Early on in his undergraduate career, Paras Minhas found a passion for science — and humanitarianism. Even before participating in the 2012 MIT Amgen Scholars Program, he began building experience in scientific research laboratories at Johns Hopkins University and the Mayo Clinic. In 2010, he launched the Longitude Pittsburgh Organization, a non-profit that provides opportunities for underprivileged people in Ghana, India and other places to receive an education, build life skills and access healthcare.
Now a third-year MD/PhD student in Katrin Andreasson’s lab at Stanford University and winner of the Marshall, Barry M. Goldwater, and Paul & Daisy Soros Fellowships, Paras focuses on investigating mental illness. In particular, his doctoral studies aim to boost energy sources available to neurons and relieve inflammation to ultimately help stave off brain degeneration that is characteristic of Alzheimer’s disease.
How did the Amgen Scholars Program affect the professional path of such a highly accomplished person? We asked Paras what the Program meant for him; here’s a slightly edited transcript from our conversation.
What was the significance of the Amgen Scholars Program for you?
Conducting research in Dr. Li-Huei Tsai’s lab at MIT’s Picower Institute for Learning and Memory as an Amgen Scholar made it possible to confirm that neuroscience was the way to go for a career. I had previous xposure, at the Mayo Clinic, to Alzheimer’s disease research. But it was really at MIT that I solidified my desire to do Alzheimer’s research during medical school — possibly even do a PhD.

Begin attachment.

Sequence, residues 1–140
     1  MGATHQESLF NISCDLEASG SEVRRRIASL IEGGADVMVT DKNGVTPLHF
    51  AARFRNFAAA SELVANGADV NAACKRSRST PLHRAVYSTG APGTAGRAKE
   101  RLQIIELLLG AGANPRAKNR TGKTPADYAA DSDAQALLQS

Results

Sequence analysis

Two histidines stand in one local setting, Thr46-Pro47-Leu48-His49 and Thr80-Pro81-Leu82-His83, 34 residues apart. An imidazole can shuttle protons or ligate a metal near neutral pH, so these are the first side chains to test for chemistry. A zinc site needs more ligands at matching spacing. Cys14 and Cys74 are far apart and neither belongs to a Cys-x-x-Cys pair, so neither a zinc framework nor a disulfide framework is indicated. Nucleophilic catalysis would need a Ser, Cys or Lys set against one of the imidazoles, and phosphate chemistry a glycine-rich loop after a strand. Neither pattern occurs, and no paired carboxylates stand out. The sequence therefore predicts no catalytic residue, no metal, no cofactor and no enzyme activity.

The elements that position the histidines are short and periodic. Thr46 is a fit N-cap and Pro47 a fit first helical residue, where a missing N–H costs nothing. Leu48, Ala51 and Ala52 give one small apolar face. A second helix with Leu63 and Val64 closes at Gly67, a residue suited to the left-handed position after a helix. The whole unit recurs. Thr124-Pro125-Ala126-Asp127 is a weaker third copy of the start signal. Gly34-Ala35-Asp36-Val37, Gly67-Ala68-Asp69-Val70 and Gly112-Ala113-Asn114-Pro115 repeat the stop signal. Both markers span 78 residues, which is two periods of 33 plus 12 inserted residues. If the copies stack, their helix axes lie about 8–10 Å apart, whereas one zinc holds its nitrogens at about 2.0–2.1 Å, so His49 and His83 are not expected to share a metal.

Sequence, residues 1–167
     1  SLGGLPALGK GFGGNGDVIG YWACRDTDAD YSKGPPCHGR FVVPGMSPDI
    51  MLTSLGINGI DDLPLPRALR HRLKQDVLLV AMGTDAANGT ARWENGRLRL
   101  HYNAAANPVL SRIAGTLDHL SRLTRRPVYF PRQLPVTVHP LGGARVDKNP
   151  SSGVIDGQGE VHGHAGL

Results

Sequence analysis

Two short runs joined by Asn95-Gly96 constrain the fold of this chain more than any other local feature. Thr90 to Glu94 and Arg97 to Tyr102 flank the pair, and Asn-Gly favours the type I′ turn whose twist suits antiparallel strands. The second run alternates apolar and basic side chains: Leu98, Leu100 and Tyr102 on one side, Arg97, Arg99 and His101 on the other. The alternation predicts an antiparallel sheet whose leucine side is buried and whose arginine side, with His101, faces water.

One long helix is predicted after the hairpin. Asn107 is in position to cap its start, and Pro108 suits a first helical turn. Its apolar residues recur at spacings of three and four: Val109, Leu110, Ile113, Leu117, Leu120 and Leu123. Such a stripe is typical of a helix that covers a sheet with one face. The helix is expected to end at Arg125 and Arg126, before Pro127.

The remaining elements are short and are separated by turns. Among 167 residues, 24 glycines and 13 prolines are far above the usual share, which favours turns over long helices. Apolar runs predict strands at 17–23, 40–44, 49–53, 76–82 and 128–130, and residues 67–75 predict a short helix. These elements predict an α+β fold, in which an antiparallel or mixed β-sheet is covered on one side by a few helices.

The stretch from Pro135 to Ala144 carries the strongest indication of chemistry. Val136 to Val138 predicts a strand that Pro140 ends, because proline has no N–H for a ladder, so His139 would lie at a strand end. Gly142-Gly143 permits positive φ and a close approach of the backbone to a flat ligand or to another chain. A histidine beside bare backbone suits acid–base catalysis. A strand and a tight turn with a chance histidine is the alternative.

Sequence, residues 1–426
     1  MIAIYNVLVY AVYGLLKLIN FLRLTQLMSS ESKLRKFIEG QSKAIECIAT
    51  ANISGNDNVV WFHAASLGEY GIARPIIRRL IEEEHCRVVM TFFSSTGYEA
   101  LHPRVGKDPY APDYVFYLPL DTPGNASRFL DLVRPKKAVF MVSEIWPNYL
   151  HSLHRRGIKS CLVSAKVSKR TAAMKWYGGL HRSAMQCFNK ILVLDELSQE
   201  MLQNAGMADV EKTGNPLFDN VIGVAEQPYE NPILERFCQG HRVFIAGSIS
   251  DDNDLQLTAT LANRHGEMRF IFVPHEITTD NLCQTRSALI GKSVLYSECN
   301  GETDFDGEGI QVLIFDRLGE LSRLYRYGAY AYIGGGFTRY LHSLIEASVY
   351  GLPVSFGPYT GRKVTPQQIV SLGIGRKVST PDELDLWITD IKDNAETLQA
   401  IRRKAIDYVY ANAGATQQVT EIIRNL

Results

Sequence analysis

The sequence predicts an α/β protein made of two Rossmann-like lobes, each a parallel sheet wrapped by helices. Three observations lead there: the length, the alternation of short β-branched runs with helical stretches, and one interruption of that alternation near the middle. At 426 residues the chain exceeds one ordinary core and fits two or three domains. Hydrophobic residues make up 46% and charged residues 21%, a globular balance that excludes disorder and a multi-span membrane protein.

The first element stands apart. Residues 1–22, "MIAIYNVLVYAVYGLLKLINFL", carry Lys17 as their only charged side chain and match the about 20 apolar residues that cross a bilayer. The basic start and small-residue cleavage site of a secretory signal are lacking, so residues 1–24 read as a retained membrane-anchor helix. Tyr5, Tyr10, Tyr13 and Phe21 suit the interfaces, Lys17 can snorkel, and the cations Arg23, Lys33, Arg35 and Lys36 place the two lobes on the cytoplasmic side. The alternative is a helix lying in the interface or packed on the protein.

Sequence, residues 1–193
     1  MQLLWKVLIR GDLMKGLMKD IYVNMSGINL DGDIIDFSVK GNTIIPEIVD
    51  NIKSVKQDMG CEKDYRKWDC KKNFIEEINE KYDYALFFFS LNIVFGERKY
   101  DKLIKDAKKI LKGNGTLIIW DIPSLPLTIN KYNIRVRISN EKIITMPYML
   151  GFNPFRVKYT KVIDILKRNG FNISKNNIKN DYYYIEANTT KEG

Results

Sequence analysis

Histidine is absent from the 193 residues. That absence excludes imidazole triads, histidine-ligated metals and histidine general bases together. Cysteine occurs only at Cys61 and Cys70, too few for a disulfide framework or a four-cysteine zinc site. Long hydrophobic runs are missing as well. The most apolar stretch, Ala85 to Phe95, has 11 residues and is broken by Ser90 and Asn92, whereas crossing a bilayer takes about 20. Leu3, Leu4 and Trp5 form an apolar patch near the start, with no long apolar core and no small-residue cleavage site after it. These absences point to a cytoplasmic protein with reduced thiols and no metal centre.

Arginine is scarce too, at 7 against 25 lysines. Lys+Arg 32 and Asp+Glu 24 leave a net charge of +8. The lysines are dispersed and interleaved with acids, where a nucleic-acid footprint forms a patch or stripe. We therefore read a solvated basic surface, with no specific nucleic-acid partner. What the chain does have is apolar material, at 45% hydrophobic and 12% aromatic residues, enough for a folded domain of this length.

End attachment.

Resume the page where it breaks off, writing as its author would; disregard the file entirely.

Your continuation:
What about since moving on from the Program?
Just having that connection to MIT and to Dr. Tsai and open communication [since participating in the Program] has proven to be really helpful in applying to opportunities like the Marshall, Barry M. Goldwater, and Soros Fellowships.
In addition, some of the initial research I did as a Scholar really laid the foundation for the skill I have today. I’m not sure I would be where I am today without participating in the Amgen Scholars Program.
What’s your personal motivation in research?
I have close relatives who suffer from mental and neurodegenerative diseases. These are debilitating disorders. That’s what motivated my interest in neuroscience: just seeing these individuals day in and day out, not being able to do things that healthy people can do. The medications for such disorders had very little effect, which was also pretty disheartening.
Can you tell me more about your work with the Longitude Pittsburgh Organization?
We work with several organizations to help people — mainly children and adolescents, especially those who are in dire circumstances — receive an education.
One of our main projects is in Ghana, where we work with the Professional Secretarial Academy in Accra, Ghana, or PROFESA for short. The school is located in a poor slum, called Abeka. At that site, we teach science, English, and reading and writing to students. I’m responsible for the healthcare component: I try to set [students] up with healthcare with local community hospitals.
The idea of the school is to help students 1) receive an education, but also 2) build life skills so that they can be competitive in the job market. Many children have either lost their parents or their parents have abandoned them. They have unstable home lives. One of the sustainable solutions we came up with was making sure they are able to get jobs later in life, so that they can support themselves and their own families. That’s the primary mission of the LPO.
What are your career plans?
I see myself having appointments as both a clinician as well as a researcher at an academic institution like Stanford or similar. I think an MD/PhD degree will allow me to bridge the gap between the basic science and the human condition. I would also love one day to teach others; teaching has always been a passion of mine.